Critical Thinking About Environmental Issues: Forest Fires, by Linda E. Platts
It is remarkable, as I write this, that the West Coast has been dealing with months of terrible fires, and earlier this year we had catastrophic fires in Australia as well, and no one appears to have a good idea of how exactly to limit fires so that they can burn in productive ways but not in unproductive ways that damage life and property. This book explores the thinking about fires and the study about fires and about their environmental benefits and how it is that there have been a wide variety of ideas and theories about how firefighting resources were to be spent and how fire management was to take place. The author appears to think, at least, that there are ways where fire could be allowed to burn in a controlled fashion that would prevent huge fires, and like many people has some very negative things to say about rural dwellers who live in fire prone areas and the politics of fire management, which is of vital importance because those who do not care about the lives and property of their voters do not long endure in office, which creates a strong incentive to fight fires even if it is spendy to do so.
This book is almost 100 pages and it is divided into five chapters. The book begins with a foreword and introduction that show the author’s point of view and likely attempt to gain support from a reading audience that is leftist and environmentalist and anti-rural in nature. After that come a discussion of whether forest fires are something new (1) or whether they are something that have existed and that people have dealt with for a long time. After that the author asks how forests should be managed (2), with a look at various philosophies involved with fire management as well as forest management, where the author clearly has her own bias/perspective. After that there is a discussion of whether fires should be fought (3), in which the author finds fault with rural dwellers and their reasonable expectations that their property and lives should be protected even where they do not have fire insurance, in many cases because it is not available (which the author does not recognize). After that comes a look at the Bitterroot Fires as a case study where a lot went wrong in the fighting of fires (4). Finally, the book ends with the author’s look at what is coming next (5), after which there are notes, a glossary, suggestions for further reading, works consulted, acknowledgements, an index, picture credits, and information about the author.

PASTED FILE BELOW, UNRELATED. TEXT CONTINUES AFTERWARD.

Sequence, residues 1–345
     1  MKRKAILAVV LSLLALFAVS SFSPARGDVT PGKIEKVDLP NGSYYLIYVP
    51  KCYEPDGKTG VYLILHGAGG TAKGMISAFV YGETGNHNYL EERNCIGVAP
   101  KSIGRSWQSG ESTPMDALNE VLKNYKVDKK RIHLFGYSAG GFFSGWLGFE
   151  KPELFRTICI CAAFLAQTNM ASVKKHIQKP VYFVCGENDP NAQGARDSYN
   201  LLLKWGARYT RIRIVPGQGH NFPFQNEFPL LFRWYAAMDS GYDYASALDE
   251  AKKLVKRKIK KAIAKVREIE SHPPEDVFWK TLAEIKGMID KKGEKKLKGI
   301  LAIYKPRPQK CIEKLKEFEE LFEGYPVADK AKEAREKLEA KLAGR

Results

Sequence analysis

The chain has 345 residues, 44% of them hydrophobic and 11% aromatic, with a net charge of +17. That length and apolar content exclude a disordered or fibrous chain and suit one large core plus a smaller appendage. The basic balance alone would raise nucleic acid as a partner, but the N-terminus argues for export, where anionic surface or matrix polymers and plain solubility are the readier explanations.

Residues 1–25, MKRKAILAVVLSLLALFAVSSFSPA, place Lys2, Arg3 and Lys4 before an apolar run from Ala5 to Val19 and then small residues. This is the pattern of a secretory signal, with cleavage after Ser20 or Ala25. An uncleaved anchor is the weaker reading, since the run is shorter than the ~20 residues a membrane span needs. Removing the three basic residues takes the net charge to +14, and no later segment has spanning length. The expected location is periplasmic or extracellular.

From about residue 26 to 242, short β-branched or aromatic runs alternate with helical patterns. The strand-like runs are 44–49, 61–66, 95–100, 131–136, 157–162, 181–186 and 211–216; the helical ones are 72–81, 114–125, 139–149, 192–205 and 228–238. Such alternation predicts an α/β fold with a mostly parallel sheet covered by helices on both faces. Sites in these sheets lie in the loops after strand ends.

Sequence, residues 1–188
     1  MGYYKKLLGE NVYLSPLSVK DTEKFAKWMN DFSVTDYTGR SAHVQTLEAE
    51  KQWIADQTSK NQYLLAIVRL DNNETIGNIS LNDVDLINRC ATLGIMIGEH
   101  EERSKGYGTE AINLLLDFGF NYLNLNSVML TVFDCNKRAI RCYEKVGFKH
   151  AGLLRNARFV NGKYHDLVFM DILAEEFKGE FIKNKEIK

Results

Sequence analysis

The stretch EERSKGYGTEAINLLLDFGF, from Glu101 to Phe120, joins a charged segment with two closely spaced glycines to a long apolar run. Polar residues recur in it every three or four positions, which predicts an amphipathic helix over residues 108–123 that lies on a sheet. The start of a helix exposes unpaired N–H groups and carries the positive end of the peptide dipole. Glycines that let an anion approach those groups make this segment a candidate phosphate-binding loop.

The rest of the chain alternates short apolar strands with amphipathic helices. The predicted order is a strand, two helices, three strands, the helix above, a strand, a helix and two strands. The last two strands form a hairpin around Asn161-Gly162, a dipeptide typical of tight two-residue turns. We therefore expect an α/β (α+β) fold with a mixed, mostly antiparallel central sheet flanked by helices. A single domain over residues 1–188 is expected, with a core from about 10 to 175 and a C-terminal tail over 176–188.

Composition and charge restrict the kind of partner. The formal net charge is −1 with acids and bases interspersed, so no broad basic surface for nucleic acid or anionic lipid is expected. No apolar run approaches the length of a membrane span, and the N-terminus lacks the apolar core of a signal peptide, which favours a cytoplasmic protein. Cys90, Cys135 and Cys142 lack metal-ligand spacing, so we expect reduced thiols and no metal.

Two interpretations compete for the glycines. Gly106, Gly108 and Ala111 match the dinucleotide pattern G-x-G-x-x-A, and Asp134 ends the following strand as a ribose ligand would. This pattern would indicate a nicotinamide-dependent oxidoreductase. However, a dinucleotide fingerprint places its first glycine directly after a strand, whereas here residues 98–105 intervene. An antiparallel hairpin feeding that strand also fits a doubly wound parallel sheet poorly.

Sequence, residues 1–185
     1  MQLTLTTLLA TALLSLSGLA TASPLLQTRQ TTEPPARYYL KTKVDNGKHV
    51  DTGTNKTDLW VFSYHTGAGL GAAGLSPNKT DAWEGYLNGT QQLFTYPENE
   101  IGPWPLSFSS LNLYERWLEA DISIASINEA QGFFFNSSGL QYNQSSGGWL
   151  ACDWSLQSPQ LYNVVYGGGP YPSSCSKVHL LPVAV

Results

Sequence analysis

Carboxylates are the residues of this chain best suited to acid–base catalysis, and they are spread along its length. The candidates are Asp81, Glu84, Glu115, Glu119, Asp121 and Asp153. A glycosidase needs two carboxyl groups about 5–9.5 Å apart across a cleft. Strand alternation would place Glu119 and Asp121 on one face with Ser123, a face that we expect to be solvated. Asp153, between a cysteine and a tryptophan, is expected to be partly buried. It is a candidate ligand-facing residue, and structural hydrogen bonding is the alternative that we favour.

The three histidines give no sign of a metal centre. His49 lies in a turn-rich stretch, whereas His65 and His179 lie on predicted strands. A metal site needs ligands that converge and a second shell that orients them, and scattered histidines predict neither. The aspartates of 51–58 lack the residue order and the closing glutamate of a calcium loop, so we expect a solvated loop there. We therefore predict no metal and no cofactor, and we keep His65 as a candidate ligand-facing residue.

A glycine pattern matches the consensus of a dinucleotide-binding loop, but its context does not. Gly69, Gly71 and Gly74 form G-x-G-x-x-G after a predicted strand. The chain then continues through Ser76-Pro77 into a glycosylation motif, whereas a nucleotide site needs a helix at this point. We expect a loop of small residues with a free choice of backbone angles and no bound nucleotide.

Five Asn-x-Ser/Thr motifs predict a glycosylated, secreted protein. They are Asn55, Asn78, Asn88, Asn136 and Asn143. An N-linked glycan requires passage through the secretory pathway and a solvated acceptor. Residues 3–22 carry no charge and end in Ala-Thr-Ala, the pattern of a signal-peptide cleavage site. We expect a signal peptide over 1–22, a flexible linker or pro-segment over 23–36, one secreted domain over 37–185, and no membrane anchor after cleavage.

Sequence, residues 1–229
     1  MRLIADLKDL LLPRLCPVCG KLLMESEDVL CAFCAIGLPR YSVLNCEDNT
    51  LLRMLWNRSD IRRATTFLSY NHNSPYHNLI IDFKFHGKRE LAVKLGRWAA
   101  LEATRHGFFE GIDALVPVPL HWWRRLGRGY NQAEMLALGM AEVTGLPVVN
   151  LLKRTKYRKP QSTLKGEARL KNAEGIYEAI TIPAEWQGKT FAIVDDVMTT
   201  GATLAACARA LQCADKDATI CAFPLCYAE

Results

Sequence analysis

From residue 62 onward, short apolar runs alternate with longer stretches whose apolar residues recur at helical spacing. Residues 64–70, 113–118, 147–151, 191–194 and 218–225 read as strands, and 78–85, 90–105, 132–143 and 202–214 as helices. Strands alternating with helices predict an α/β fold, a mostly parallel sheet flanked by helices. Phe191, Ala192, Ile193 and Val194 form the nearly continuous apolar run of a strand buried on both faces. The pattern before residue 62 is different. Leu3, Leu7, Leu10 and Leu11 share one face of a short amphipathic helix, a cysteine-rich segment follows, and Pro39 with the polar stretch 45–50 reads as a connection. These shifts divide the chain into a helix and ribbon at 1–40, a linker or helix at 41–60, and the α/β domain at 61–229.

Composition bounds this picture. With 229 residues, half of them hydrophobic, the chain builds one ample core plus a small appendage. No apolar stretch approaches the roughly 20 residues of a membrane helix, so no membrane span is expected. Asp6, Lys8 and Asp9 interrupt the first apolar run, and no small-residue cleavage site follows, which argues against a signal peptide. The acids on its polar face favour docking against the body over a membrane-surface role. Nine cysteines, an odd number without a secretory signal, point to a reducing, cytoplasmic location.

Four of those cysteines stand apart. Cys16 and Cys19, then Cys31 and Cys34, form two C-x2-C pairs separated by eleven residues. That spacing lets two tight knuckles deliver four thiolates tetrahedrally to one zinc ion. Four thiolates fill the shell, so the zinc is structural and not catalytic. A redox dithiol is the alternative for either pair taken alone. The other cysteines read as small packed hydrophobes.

This book is a reminder, if any reminder is necessary, that firefighting is and always has been deeply connected with political concerns. Even those people who are not prone to like government very much at least can recognize that government has as duty to protect the lives and property of citizens, which gives at least a minimal level of trust in government when it does its limit accepted jobs. The author, though, does not appear to be of the sort who appreciates this, and questions the idea of whether fires should be fought at all, which puts her in a rather extreme position of not caring about the lives or property of rural dwellers at all, and thus not the sort of person who is going to be appreciated by those who appreciate life in the country. The author’s ideas about what comes next signify that she is rather out of touch with life and not prone to develop compassion or understanding for those who do not share her views about creation and how it relates to man. If this book is interesting for what it talks about, its perspective is definitely warped and biased in an unacceptable way.